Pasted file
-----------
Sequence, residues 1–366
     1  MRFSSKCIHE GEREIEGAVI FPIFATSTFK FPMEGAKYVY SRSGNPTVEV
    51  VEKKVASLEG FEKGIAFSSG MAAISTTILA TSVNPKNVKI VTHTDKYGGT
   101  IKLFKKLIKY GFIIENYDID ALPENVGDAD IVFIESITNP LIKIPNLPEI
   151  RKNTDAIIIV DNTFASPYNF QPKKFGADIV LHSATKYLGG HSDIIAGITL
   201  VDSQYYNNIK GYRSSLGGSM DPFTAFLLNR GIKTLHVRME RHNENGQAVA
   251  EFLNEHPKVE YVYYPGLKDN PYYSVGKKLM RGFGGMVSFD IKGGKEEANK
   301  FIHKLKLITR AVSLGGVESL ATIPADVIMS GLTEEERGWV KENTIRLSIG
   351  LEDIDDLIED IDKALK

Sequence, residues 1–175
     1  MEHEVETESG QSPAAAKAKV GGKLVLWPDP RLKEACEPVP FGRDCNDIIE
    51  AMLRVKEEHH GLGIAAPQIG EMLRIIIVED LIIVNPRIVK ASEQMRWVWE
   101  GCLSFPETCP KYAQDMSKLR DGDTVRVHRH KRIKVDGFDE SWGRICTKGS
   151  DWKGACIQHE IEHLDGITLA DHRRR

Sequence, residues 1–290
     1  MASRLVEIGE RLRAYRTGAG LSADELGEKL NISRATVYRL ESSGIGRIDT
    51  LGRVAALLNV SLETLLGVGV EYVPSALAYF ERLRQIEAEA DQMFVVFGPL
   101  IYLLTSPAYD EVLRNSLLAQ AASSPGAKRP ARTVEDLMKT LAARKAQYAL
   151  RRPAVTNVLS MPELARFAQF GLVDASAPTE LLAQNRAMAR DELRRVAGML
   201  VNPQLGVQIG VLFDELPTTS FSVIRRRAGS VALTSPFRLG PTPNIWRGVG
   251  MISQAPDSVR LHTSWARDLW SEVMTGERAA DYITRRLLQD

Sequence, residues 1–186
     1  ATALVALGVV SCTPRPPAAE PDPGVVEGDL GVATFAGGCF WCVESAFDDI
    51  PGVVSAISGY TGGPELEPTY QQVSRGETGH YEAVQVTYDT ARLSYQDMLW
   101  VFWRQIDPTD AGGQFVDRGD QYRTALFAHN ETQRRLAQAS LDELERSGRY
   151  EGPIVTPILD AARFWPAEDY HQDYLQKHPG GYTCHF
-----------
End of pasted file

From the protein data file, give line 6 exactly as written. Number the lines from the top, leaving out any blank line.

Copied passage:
   201  VDSQYYNNIK GYRSSLGGSM DPFTAFLLNR GIKTLHVRME RHNENGQAVA